The US and EU mar­kets be­have dif­fer­ently; so, while Europe is look­ing for bet­ter de­signs, cheaper prod­ucts and ex­otic fab­ric, US is more into cleaner look with fo­cus on qual­ity and dura­bil­ity. The dif­fer­ent tastes and buy­ing be­hav­iour of these mar­kets also af­fect the forecast, trends and the over­all busi­ness due to which the ex­porters have to rely on their gut feel­ing to get an up­per hand. “When I speak to buy­ers, there are many sit­u­a­tions where I can sense that there could be a slow­down in a prod­uct or cat­e­gory, and in­no­va­tion to en­tice them to place an or­der which is the only an­swer to these things,” says Aman Dhin­gra, Vice Pres­i­dent of Gur­gaon-based Ori­ent Craft that has 80% of to­tal home fur­nish­ing ex­ports in the high-end seg­ment. He fur­ther adds, “For in­no­va­tion, we are look­ing at a lot of fab­ric engi­neer­ing – blend­ing the fi­bres, spin­ning them to­gether so that prod­uct is cot­ton but with an ex­otic twist to it.”

With a grow­ing global trend of ecofriendly fur­nish­ing, sus­tain­abil­ity is get­ting more im­por­tant for in­ter­na­tional buy­ers. Nowa­days buy­ers look out for or­ganic, biodegrad­able ma­te­rial. On the other hand, man­u­fac­tur­ers be­lieve that sus­tain­abil­ity is not just about the fab­ric but craft as well, in the buyer’s eye. Ravin­dra Nath, Di­rec­tor, Ocean Home Store, Jaipur, which sup­plies bed­dings and cush­ions to home fur­nish­ing giants like, An­thro­polo­gies and Ralph Lau­ren, em­pha­sises on sus­tain­abil­ity. “Sus­tain­abil­ity is very im­por­tant for our buy­ers. They watch the en­tire sup­ply chain; where and how the prod­uct is pro­duced, in­sist on us­ing of dyes and chem­i­cals that are less harm­ful to the en­vi­ron­ment. They are very trans­par­ent at ev­ery stage of pro­duc­tion and very help­ful too. They pro­vide us with their own di­rec­tions and we give them sus­tain­able val­ueadded prod­ucts,” he says.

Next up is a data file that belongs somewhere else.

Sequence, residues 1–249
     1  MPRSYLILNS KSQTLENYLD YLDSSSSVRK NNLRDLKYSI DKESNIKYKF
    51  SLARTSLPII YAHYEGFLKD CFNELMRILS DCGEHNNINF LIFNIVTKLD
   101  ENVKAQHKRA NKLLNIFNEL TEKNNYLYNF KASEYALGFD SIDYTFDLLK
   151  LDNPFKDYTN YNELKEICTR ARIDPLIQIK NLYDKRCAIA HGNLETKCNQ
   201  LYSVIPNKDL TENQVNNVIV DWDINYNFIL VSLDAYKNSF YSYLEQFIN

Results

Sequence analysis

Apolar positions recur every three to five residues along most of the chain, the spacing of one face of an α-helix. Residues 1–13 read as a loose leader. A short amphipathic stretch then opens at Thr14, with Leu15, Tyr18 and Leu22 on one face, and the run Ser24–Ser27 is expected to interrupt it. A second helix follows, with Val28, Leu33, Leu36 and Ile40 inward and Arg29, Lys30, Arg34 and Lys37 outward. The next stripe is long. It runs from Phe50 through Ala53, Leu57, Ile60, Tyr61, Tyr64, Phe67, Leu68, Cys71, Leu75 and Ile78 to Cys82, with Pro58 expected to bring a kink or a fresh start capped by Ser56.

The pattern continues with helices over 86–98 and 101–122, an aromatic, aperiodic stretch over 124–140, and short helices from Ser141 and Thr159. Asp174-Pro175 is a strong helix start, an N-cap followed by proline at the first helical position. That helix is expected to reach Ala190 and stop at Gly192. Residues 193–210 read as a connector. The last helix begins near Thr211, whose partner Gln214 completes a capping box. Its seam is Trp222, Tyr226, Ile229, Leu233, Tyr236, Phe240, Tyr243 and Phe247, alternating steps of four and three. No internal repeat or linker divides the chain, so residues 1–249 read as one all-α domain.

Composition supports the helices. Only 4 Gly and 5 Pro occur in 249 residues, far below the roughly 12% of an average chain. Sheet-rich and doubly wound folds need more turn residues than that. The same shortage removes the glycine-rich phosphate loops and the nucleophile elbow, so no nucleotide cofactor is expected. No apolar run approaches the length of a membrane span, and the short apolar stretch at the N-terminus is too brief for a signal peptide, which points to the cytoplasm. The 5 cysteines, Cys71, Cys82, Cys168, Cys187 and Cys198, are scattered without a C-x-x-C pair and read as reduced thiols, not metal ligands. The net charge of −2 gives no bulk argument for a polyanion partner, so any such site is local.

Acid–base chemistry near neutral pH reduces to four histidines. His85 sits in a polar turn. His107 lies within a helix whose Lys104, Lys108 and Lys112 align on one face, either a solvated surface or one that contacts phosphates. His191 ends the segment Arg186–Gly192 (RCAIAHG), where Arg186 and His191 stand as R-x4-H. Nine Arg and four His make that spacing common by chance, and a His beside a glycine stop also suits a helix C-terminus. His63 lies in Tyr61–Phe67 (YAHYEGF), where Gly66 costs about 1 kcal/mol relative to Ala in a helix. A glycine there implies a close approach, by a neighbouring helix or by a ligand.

Many ex­porters are of the opin­ion that Govern­ment poli­cies and tax­a­tion are giv­ing their busi­ness a hard time, but those are is­sues that will only be re­solved with time. Kiran Pan­chal, Di­rec­tor of Bom­bay-based Am­ber Homes, which is ac­cred­ited by Wal­mart for its home tex­tile and fin­ish­ing and makes a ded­i­cated ef­fort to ap­ply green con­cepts, aptly con­cludes: “The slow­ing down of China’s sit­u­a­tion and with the grow­ing im­port in EU and US, as well as the new emerg­ing mar­kets, points at a brighter fu­ture for the lux­ury seg­ment. In com­ing times, the global mar­ket is go­ing to be much wider for the lux­ury home fur­nish­ing play­ers and com­pe­ti­tion will be less for those who abide by their in­no­va­tion and sus­tain­abil­ity.”

SM Dwivedi, CEO, Sara Tex­tiles

Sarita Handa, Owner, Sarita Handa Ex­ports

Dis­play at Cheer Sa­gar Ex­ports